Although these days I use an iPhone as my primary smartphone, I still own a Samsung Galaxy Note 10+ 5G for backup and burner use. If you own a Samsung smartphone, running a wide range of Android versions from 9 to 12, I have good news and bad news for you. Serious and seriously shocking security news.
Kryptowire researchers released a report this week detailing how they discovered a severe, high-severity vulnerability in the pre-installed Phone app on several models that could allow a hacker to take control of your phone. What kind of control? Well, according to the researchers, everything from factory resets and calls to installing or removing apps. All of this by an unauthorized user if the victim had installed a modified third-party application to “mimic system-level activity and hijack critical protected features,” according to Kryptowire’s report.
The bad news for Samsung smartphone users in more detail
Kryptowire CTO Alex Lisle posed the question, “Do you think anyone else has access to your phone?” Here’s the bad news by way of his answer: “unfortunately, you might be right.” The high-severity vulnerability, CVE-2022-22292, that Kryptowire researchers discovered was every bit as shocking as Lisle made it sound.
The Phone app, which comes pre-installed on Samsung smartphones, was found to have an insecure component that basically gave local apps, apps without system-level privileges, the ability to perform such privileged operations anyway without trust. user authorization.
In the full technical report on this shocking Samsung security misstep, researchers say devices running any version of Android between 9 and 12 were impacted. There were some differences between how versions 10-12 could be exploited compared to version 9, but the result was the same: a compromised smartphone without the user knowing about it.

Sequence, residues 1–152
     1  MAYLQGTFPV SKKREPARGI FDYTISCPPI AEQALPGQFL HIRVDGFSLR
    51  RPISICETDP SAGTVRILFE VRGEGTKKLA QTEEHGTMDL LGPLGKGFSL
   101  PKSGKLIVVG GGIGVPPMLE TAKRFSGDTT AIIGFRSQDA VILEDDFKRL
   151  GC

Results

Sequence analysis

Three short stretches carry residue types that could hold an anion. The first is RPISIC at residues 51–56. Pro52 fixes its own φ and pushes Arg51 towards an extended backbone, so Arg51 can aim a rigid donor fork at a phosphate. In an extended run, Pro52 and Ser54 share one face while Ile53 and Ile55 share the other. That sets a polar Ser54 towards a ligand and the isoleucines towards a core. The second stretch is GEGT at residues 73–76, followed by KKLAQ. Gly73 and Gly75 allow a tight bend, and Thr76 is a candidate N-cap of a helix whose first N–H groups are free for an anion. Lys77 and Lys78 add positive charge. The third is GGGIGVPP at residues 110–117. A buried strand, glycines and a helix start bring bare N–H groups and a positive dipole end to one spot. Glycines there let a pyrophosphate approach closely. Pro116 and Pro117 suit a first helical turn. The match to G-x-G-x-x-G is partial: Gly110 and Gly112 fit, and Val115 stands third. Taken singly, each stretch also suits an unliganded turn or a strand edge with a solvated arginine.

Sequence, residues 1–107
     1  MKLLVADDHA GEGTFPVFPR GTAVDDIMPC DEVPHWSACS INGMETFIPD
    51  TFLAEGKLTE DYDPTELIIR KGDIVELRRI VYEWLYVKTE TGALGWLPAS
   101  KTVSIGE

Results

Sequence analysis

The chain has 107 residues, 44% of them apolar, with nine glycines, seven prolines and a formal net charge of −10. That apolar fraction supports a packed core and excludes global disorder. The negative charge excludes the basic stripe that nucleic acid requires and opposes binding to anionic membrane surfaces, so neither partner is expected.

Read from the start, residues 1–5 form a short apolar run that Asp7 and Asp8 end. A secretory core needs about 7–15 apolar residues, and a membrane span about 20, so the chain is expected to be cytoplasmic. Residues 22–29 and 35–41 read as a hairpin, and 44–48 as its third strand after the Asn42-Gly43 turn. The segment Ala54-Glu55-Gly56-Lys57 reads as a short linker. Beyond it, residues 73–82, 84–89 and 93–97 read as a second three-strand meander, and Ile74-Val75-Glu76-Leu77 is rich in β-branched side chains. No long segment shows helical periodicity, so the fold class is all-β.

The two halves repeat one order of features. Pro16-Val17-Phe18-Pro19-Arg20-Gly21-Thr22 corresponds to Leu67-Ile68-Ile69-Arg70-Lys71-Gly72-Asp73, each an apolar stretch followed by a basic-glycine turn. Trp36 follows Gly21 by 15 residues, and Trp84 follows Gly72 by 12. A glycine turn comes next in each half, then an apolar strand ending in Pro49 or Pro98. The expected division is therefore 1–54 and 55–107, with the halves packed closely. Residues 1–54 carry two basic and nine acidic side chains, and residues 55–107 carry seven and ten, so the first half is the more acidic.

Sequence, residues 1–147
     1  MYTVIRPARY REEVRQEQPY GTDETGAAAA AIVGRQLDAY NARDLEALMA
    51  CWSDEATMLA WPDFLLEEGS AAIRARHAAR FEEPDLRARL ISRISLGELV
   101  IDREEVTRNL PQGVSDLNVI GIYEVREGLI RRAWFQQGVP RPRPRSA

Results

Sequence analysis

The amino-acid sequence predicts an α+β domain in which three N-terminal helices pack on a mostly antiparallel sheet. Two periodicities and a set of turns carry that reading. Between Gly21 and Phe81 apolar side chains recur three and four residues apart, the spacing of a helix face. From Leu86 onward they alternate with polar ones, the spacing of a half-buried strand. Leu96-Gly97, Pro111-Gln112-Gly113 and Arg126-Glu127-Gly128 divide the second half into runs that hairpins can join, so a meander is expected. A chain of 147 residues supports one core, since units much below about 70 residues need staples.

Although the extent to which Samsung smartphones were vulnerable to this attack methodology remains unknown, researchers were able to demonstrate an exploit using a Samsung Galaxy S21 Ultra 5G with the most recent version of Android 12, for example. A Samsung Galaxy S10+ and Samsung A10e were also used in the compromise tests. A Samsung Galaxy S8, running Android 8, however, was found not to be vulnerable. The bad news, then, is that if you own just about any Samsung smartphone running Android version 9, this vulnerability is likely to have been present.
I approached Samsung for an official statement, but at the time of publication had yet to receive a response.
And now here’s the good news
It’s not all bad news: full details of CVE-2022-22292 were leaked to Samsung on November 27, 2021, and a fix was made available as part of the February 2022 security maintenance release schedule. .
Assuming your device has been updated to a security patch level of February 2022 or later, you are protected. However, not everyone will have updated or been able to update their device. Mea culpa, my own Galaxy Note 10+ lagged in this regard as I hadn’t used it for a few months. So be sure to check that your devices are up to date. You can do this by going to your smartphone’s settings menu and selecting About Phone|Software Information then scroll down to Android security patch level.